Previous research from Platinum Property Partners had indicated that a third of people nearing retirement age were considering cashing in their pension pots to invest in the buy-to-let market, which does not seem to be playing out.
Richard Parkin, Fidelity's head of retirement, says: "While property purchase has peaked this month, if you look at this overall, it would seem unlikely that we will have an entire generation of retirees seeking to become property moguls."
Nevertheless, 7.5 per cent of retirees considering a buy-to-let is significant. And there are several headwinds to buffer if you are thinking of a buy-to-let property, which may seem more daunting to someone in retirement.
Retirees are allowed to remove 25 per cent of their pension fund tax-free, while the remainder can also be drawn as a lump sum but will be taxed at the same rate as income. If you need to use more than 25 per cent of your fund for the property purchase, then consider if you can recoup the tax paid and how long it will take to do so, making allowances for void periods when you are finding a new tenant.
If you're using a mortgage to finance a buy-to-let (some lenders, such as Nationwide Building Society, will allow people of retirement age to do this) there are potential interest rate rises to factor in, plus potential tax changes.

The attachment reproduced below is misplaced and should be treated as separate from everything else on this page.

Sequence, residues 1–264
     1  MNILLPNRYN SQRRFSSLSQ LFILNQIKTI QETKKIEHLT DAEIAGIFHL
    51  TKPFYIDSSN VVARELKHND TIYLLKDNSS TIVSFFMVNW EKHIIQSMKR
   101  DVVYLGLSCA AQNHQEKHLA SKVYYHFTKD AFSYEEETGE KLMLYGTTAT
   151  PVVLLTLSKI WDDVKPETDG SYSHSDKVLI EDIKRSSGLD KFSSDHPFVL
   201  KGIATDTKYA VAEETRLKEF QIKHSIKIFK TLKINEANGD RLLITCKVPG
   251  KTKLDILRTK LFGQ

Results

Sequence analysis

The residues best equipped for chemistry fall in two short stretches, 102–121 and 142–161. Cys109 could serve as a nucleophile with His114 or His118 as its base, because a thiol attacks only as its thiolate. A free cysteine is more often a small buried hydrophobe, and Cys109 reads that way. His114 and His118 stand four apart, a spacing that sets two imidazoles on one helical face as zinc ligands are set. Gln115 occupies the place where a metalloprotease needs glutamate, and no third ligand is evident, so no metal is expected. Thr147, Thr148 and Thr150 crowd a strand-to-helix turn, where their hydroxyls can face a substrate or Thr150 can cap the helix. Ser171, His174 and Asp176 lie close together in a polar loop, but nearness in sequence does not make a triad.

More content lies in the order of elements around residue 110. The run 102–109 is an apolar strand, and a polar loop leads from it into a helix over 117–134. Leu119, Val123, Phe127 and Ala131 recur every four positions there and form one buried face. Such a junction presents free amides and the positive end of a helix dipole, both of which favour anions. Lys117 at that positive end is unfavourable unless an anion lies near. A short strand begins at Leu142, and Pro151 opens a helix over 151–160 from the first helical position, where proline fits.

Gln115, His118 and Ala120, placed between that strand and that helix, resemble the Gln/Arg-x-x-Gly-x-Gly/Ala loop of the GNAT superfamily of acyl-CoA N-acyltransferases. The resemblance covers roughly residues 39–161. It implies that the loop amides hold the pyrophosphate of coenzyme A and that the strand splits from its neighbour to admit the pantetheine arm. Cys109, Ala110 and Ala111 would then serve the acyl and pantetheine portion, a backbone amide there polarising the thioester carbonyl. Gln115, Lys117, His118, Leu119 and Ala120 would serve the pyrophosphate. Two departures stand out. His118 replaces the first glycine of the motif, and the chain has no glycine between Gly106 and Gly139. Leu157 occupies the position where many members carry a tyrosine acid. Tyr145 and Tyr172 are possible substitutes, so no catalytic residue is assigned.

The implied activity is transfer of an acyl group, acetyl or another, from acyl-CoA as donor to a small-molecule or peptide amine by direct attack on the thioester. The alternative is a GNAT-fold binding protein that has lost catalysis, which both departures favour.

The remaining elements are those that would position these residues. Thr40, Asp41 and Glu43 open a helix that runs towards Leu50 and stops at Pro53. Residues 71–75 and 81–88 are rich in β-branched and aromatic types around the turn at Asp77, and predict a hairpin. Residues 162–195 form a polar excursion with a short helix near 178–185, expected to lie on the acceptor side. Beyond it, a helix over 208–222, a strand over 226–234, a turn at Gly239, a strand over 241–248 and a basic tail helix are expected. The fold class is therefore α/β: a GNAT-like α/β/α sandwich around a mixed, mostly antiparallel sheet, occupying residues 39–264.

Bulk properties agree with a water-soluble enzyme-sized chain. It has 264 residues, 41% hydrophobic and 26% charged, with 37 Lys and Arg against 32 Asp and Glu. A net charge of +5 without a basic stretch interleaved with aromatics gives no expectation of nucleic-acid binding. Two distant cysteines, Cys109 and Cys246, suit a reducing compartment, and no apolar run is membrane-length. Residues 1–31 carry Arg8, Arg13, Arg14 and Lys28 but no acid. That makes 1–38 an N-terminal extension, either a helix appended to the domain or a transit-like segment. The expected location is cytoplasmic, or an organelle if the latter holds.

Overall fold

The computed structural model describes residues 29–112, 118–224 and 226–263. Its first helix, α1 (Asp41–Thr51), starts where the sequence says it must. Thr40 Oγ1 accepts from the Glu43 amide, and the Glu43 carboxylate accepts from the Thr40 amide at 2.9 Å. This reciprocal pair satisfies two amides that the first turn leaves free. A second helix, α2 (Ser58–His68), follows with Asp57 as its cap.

Under the current rules, individual landlords can deduct the full amount of their mortgage interest to calculate the taxable rental profit. However, it was announced at the Summer Budget that deduction for mortgage interest will be restricted to basic rate (20 per cent) income tax only and this measure will be phased in over four years from April 2017, until the relief is completely restricted come 2020-21.
Chartered accountant Blick Rothenberg say a buy-to-let landlord with debt of £250,000 and interest charged at 3.25 per cent will see their annual income tax liability increase by approximately £2,000 (if they are a 45 per cent taxpayer).
You may think you will have more time in retirement to manage the property and tenants but be realistic about whether you'll still feel up to this in 10 or 20 years' time. Do you have someone in your family who is prepared to step in and help out in your later years?
Landlords have several legal responsibilities, including:
■ Keeping rented properties safe and free from health hazards.
■ Making sure all gas and electrical equipment is safely installed and maintained;
■ Following fire safety regulations.
■ Providing an Energy Performance Certificate for the property.
■ Protecting your tenant's deposit in a government-approved scheme.
Draft regulations were laid earlier in the year to require private sector landlords to install at least one smoke and carbon monoxide alarm on every storey of their rental property from 1 October 2015 or risk a £5,000 fine. The House of Lords has this week rejected the draft legislation at its final stage on the basis that the proposed introduction is less than three weeks away, that the government has not done enough to inform landlords of the changes and that the legislation is poorly worded.
However, it's another thing to think about. Do you have the energy to keep abreast of changes in legislation?